Regardless of the reason, I've managed to finish these basic booties which are just a plain vanilla sock with a shortened leg. They're going to my next door neighbor's daughter who recently joined the knitting group. One pair down.

Then, when I was trying to do a little stash reorganization, I came across some Yarn Tree Luster Alpaca which I had and some Trekking XXL which was gifted to me:

And the first book I reached for was The Eclectic Sole, and my eye immediately went for the Nordic Lights pattern:

Nordic Lights

I started it last night and as of right now I'm up to the heel flap. These are short socks too, so outside of the extra time it takes me to do stranded knitting on the heel flap, these socks should go quick and give me time enough to think about what I'm going to do next.

It's a very pretty sock and if you ask me, the book is absolutely worth having. I've already made three pairs of socks from the book and I'm going to get to all of them sooner or later.

Now that I'm out of the knitting doldrums, I just wish it would stop raining! Really, it's been like 40 days and 40 nights of rain here in NYC. Seems to me that I should start buying materials to make an ark.

Instead of animals 2 by 2, I'll take socks since they come in pairs. Or, I could just pray for sunshine and the end of bad hair days.

June 18, 2009

OK, I'm Done Sulking Now

If anything could bring me back from the brink after suffering at the hands of Dried Flowers, the two bit tramp that now can't get a job as a shawl to save it's inanimate life, it's a birthday party.

On Saturday Maria celebrated another year of being a wife, mother and knitter in the sisterhood of Soundview Stitchers.

Her husband snuck into class early and surprised her (and us) with a big delicious cake. He's a wonderful and very nice man! Here they are with their little angel, Mia (I call her "Mia, Mia, cupcake eater", but she was a cake eater on Saturday).

And then, when I got home and decided that since Dried Flowers was meditating on it's mistreatment of me at the frog pond, that the best revenge against a pancake of my own hand spinning that did me wrong is to knit in its face. Hence, basic booties:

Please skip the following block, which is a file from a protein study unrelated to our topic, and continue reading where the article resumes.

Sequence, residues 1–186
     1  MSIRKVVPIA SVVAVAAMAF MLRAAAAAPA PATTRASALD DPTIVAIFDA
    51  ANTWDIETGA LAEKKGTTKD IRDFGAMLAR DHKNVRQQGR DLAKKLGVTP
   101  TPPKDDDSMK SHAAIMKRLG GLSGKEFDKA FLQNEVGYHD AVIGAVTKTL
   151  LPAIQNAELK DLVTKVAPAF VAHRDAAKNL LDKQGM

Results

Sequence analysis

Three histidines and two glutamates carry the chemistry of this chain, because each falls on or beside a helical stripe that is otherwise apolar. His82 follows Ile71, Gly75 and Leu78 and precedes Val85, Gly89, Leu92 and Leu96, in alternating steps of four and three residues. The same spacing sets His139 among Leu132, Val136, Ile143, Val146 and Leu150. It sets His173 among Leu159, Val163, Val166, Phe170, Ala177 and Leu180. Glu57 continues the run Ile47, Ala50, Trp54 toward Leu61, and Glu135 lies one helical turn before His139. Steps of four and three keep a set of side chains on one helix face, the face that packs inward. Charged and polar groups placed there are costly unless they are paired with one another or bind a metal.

And just in case Dried Flowers isn't feeling duly punished, I got some Malabrigo Lace in Peach Tree to wave in it's yarny face:

And la piece de resistance: meet the new Dianna!

Schaefer Trenna lace weight in Willa Cather.

Revenge against an inanimate object is sweet, but only a crazy person goes after a skein of yarn with such gusto.

(If Dried Flowers ever becomes anything, I'm going to have to take it to church first because the bad mojo in that yarn is gonna hurt somebody! Yikes!)

June 09, 2009

438 Yards

That's what I needed to be able to use this yarn for my Dianna Shawl. Maybe I don't know math, but I went online and used a conversion chart that said 400m = 437 yards.

Here are the stats for Dried Flowers:

Material: 100% superfine merino
WPI: 16 stitches (fingering weight)
Yards: 300

I was so close! All that work and it's not lace weight. If it had been, I'd have more than enough yarn. But it's not. Still, I've never gotten 300 yards of yarn out of any fiber I've ever spun, and fingering weight is closer to lace than DK weight, so I'm pretty proud of myself.

Still, it's prettier now that it's dry. Looks a lot less like liver color than I originally thought. But it is fingering weight. And the yardage is enough to make a pair of socks - almost. Maybe really short socks.

My choices boil down to: a short shawl, a short pair of socks, or I can use this:

It just so happens to be the only other lace weight yarn I have in my stash. Knit Picks merino wool, 440 yards and I have two skeins (in case I make a mistake) more than enough to make the shawl - even if it is darker than I planned (like night and day).

Still, it is pretty. And already spun.

Can you feel my pain?

June 07, 2009

More Dianna

OK, so I was up plying in the middle of the night and now it's done. Thank goodness because I thought I was going to burn my fingertips off.

Next step is getting it wound into a skein. Things were moving right along, I hooked up the skein winder and started to rock and roll! I'm winding and winding and it's getting harder to do. I'm watching the winder and wondering why it's starting to close up. I look at the spool (while still trying to turn the skein winder) and when I look back I saw this: